The principles of cycleracing remain the same,she said. Its a really bigdeal for the commu-nity to come and justfamiliarize themselveswith what criteriumracing is all about.

    The film follows arookie professionalcycling team throughits first season, docu-menting their struggleto succeed and the sac-rifices the sport requires ofits athletes.

    While the film is anAmerican production, itdoes a have a connection tothe annual Burnaby racingevent, Kent said.

    One of the young fel-lows on the team in thismovie is Hilton Clarke whoactually won the Giro in2006 and he also cameback and raced again lastyear, she said.

    Organizers screened thefilm last year but turnoutwas less than desirable.

    This year, Kent saidtheyre hoping to get theword out to the communi-ty, especially those interest-ed in learning more aboutthe sport.

    You actually learnwhats going on in thestreet in front in of you. Ithink that so many peoplethink that all these guys women and guys areindividuals that are rac-ing for themselves and infact, its a very strategicevent that is very team-focused and so youll besitting there watching andgo well, how did thatguy get in front? He wasway far back the last timeand its the teams workingtogether, she explained.

    The screening of TheHard Road starts at 6 p.m.on July 4 at 105-4191

    Hastings St. at thecorner of HastingsStreet andCarletonAvenue, and thescreening is lim-ited to 50 peopleso reservations arerequired.

    Were going todo (the screening)

    in the G&F lobby, she said.Waves is going to provideiced tea and Hippie Foodsis providing chips.

    This year, Kent is alsoexcited to announce thatGiro organizers have part-nered with the AboriginalYouth Cycling programrun out of the BurnabyVelodrome.

    Youth from the programwill be collecting donationsfor the crowd primes (pro-nounced preems) duringthe races.

    Ten per cent of themoney collected in thecrowd primes will gotowards the aboriginalyouth program.

    Everybody who wantsto contributes $5 or $10 intoa can, she said.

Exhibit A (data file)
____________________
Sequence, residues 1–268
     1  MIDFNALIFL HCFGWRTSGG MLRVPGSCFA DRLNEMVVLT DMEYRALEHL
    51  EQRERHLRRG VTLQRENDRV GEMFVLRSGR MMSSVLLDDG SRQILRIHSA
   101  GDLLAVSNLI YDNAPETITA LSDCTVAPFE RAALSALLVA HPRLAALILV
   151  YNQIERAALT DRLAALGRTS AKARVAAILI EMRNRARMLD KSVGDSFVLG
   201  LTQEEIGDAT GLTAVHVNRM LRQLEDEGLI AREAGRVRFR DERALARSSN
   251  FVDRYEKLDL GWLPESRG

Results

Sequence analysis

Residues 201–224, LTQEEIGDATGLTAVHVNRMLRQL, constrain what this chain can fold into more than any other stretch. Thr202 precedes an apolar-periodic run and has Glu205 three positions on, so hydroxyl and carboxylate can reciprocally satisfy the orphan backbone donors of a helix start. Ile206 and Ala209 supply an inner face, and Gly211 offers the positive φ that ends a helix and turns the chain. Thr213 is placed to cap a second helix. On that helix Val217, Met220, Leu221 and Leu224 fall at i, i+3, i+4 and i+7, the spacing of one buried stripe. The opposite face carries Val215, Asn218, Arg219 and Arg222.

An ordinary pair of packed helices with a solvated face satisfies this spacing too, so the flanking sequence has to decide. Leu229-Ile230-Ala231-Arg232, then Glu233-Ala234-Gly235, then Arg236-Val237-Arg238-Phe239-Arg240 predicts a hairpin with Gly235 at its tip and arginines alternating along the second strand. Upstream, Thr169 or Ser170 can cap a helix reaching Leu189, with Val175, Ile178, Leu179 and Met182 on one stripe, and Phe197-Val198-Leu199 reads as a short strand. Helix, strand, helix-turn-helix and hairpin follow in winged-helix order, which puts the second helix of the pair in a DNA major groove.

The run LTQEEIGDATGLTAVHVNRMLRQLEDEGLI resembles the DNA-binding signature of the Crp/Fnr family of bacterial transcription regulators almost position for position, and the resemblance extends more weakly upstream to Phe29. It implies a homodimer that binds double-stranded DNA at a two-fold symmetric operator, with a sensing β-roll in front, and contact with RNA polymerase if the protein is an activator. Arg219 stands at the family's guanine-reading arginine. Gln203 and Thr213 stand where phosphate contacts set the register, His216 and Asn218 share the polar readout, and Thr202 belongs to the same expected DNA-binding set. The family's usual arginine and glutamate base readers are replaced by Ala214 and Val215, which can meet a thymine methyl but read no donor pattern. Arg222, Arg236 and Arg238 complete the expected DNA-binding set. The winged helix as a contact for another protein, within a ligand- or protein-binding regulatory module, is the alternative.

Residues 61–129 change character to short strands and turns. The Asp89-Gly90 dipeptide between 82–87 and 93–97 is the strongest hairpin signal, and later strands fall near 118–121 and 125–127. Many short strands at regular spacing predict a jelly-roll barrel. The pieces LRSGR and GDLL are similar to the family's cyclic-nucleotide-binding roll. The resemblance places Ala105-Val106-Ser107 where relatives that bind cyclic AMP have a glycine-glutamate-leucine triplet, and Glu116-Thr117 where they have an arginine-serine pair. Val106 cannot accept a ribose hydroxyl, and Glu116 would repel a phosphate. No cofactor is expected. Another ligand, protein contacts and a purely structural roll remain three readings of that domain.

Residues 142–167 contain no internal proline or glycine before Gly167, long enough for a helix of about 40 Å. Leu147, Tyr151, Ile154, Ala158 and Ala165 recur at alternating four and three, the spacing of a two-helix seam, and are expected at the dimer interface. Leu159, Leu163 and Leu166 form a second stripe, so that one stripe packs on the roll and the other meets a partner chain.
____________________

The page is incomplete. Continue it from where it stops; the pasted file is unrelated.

The primes are prizepots awarded to teamsduring mini races withinthe actual Giro race, whichKent said are very excitingbecause the cyclists are rac-ing for extra prize money.

    For more information onthe Giro and to register forthe screening of The HardRoad, visit girodiburnaby.com.

    Cayley Dobiestaff reporter

    For moreinfo, scanwith

    Check www.Burnabynow.com for breaking news, photo galleries, blogs and more

    Giro Page 10

    One-man teamOne-man teamOne-man teamOne-man team

    Connecting with our community online Visit www.burnabynow.com

    Tom Berridges Blog

    Rants, ravesand communitysports nuggets

    Burnaby NOW Wednesday, July 3, 2013 A09

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    It was a big day of road tests on Saturday, June 29 at CarterGM in Burnaby. For every person who took a road test,Carter GM together with Alture Properties, donated $25,

    resulting in a total of $2,025 that was donated tothe Salvation Army and Natural Gift Society.

    Participants enjoyed refreshments and a chance to wina variety of prizes including an iPad.

  • A10 Wednesday, July 3, 2013 Burnaby NOW

    The Giro di Burnaby races are on July11 with the womens races starting at 6p.m. and the mens at 7:15 p.m.

    Organizers are encouraging spectatorsto ride their bikes to the event and areoffering a bike valet service by donationin the empty lot behind Vancity at 4302Hastings St.

    The valet service is sponsored and runby Dandy Horse Cycles and the moneycollected will go towards Dandy Horsesprime a sprint race with a cash prize.

    Organizers have also put together ahandful of contests for spectators of theraces, including two new social mediacontests for kids and adults.

    Photo contestCapture and post your best race day

    photos you in the crowd, the riders, theatmosphere to Twitter or Instagram and

    include@GirodiBurnaby,@PALLADIOyvrand the hash-tag #GiroPhotoContest to beentered into the contest.

    Theres no limit on the number of timespeople can enter and two winners will bechosen after the races. The prizes are onemens watch and one womens watch,both valued at $3,500 and courtesy ofPalladio Jewellers.

    Kids contestKids! Do you want to win an authentic

    Giro di Burnaby cycling jersey, just like thepros, signed by the pros?

    Have your mom or dad take a photo ofyouridingorstandingwithyourbike,wear-ing your best Italian colours green, whiteand red and send it to the Giro organizerson Facebook at www.facebook.com/girodiburnaby.

    The winner gets a Giro di Burnabycycling jersey signed by the mens andwomens race winners.

    Giro: Social media contestscontinued from page 9

    Nearly 700 guns collectedBrad Haugli says his